Chichen Itza has been on the UNESCO World Heritage list since 1988. It was an extensive, powerful city, a warrior capital, and at the same time a city of imposing palaces and temples. Mayan by heritage, it was influenced by the Toltecs and it attracted people locally from the cities of Uxmal, Coba and Chacmultun as much as those from afar away, such as from Tula. It was a member of the League of Mayapan from 987 AD. In its heyday from around 600 to 1200 AD, it had a population of 50,000 farmers, builders, craftspeople, rulers, artists and priests. Its network of paved roads, or sacbeob (singular sacbe), is outstanding.
The worship of Kukulcan, or Quetzalcoatl, came from Tula, as well as the many-columned buildings, which are reminiscent of the shape of a snake. For example in the capital of the Toltecs, the remarkable Temple of a Thousand Columns honors Tlahuizcalpantecuhtli, the Lord of the Dawn, who was the embodiment of Quetzalcoatl. The city’s principal structure, El Castillo ("The Castle"), is also known as the Temple of Quetzalcoatl, and it is above all a representation of the solar calendar, and hence a monument to time itself. This and other tall square- or rectangular-based pyramid structures have long stairways edged with robust balustrades. These days this style is known Toltec Maya.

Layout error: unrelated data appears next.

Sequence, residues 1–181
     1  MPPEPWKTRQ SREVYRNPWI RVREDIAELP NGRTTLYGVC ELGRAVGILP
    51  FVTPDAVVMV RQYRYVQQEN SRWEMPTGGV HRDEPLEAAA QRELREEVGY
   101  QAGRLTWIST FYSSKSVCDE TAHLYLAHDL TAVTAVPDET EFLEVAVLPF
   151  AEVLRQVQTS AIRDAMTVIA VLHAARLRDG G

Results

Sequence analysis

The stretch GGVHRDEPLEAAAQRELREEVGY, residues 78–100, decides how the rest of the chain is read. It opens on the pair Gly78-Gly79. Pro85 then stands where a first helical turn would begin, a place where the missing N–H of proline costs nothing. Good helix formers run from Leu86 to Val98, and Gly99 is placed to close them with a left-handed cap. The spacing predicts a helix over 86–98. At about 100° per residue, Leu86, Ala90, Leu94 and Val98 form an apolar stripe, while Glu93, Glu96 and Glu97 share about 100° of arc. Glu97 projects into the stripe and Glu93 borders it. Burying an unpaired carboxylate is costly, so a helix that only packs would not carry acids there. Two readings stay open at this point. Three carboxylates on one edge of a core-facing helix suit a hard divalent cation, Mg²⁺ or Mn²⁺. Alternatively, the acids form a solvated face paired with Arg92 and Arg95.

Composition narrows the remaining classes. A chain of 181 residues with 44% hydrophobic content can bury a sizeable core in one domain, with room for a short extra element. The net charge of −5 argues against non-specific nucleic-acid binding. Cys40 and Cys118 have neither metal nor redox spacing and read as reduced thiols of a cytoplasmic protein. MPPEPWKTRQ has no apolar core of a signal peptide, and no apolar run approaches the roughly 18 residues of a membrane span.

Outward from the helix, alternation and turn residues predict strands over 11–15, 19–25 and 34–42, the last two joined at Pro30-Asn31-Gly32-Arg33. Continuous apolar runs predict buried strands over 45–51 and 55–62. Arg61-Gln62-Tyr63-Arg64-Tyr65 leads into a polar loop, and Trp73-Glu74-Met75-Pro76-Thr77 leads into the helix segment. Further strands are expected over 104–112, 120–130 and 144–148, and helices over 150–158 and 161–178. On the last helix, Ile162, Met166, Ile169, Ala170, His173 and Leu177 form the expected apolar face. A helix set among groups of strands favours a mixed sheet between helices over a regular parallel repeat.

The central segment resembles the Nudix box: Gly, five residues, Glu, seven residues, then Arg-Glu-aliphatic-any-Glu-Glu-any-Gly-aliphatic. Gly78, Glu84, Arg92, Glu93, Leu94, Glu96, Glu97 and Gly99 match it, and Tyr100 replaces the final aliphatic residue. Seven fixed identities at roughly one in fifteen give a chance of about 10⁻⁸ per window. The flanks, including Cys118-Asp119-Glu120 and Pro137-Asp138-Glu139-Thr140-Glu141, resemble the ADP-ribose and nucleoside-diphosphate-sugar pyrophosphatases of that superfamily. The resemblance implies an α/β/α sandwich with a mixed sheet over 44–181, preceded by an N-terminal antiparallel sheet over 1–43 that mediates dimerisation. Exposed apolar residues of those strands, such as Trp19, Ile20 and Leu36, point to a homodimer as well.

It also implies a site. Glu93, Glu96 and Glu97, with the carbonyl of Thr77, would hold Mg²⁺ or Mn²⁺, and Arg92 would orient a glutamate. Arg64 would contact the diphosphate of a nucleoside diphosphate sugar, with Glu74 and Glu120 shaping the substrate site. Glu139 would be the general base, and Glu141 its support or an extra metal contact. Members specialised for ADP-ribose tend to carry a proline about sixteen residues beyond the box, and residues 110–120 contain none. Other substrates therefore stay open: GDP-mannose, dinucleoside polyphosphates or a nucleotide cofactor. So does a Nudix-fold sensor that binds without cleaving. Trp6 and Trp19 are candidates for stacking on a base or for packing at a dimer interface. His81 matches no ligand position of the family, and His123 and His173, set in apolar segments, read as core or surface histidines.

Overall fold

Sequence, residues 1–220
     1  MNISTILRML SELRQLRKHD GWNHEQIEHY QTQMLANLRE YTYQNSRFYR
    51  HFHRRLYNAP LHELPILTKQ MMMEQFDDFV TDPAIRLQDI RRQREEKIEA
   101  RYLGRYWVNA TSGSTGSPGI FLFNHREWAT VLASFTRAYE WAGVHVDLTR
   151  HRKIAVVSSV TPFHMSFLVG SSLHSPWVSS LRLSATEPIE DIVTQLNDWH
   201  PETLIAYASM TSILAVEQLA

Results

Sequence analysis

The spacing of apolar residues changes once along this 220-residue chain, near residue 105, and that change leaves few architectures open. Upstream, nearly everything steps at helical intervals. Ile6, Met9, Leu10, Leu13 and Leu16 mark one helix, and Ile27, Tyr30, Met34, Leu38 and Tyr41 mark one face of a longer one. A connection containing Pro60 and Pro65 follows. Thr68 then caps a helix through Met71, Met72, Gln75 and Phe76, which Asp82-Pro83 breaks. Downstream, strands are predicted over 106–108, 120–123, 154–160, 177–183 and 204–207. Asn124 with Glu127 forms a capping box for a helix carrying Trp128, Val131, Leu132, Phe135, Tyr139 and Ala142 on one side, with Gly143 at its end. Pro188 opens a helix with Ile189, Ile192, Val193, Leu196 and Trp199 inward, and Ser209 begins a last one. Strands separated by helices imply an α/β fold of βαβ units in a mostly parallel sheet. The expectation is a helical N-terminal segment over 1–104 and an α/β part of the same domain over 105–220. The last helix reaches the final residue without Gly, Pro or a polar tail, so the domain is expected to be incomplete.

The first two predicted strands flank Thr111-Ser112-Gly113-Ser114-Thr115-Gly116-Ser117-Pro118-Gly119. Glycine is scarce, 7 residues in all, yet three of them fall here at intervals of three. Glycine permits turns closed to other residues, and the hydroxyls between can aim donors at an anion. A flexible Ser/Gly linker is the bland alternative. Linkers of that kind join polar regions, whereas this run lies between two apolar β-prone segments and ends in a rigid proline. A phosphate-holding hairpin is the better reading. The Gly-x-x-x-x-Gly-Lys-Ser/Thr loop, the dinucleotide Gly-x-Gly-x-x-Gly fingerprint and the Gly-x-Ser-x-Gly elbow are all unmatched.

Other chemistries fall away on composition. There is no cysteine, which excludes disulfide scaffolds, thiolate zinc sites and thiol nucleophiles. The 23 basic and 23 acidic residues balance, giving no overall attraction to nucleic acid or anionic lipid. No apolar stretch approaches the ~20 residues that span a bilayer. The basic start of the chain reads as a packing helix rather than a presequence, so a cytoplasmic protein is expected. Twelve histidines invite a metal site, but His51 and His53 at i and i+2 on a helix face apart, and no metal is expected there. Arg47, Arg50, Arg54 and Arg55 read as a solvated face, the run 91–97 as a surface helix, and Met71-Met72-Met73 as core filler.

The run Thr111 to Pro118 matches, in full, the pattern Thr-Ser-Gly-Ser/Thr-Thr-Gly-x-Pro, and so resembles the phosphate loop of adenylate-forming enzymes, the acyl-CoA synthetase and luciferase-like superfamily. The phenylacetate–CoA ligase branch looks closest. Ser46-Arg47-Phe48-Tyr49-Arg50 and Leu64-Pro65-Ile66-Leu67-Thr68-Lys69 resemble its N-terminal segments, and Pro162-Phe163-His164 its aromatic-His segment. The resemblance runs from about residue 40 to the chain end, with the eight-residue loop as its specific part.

From the east of Yucatán it also received the Puuc-style filigree design in the form of elaborate decoration made from stucco facade masks of the rain god Chaac, and numerous polished stone fret patterns interspersed with small pillars and minor sculptures in low structures. There are also circular-plan buildings with an ancient heritage, such as the surprising observatory known as El Caracol (“The Snail”).
The great works began by levelling out the ground for the various platforms on which the palaces and temples were built including El Castillo, the Great Ball Court, the Temple of the Great Tables, the Temple of the Warriors, the Tzompantli, the Platform of the Eagles and the Jaguars and the Platform of Venus. El Mercado ("The Market”), the Temple of the Sculpted Columns and the Temple of the Small Tables were erected in one great quadrangular plaza.
At the spring and fall equinoxes, a carefully calculated effect of light and shadow is produced by the shadow of the north staircase of the building known as the Castle or Pyramid of Kukulkan. The shadow forms the outline of a serpent, a phenomenon interpreted as the descent of the god Kukulkan to fertilize the earth and to ensure the continuity of the agricultural cycle that was so important to the Mesoamerican worldview.
- The Castle was built over another identical but smaller structure, which holds the sculpture of a jaguar painted in red and inlaid with jade to simulate the spots of this feline.
- The tzompantli was a platform where the skulls of victims sacrificed in rituals were placed.
- Inside the Temple of the Tables there is a room with pilasters that bear representations of warriors.
- The Temple of the Warriors was built over the Temple of Chac Mool, in which pillars are found with polychrome reliefs that represent warriors and priests.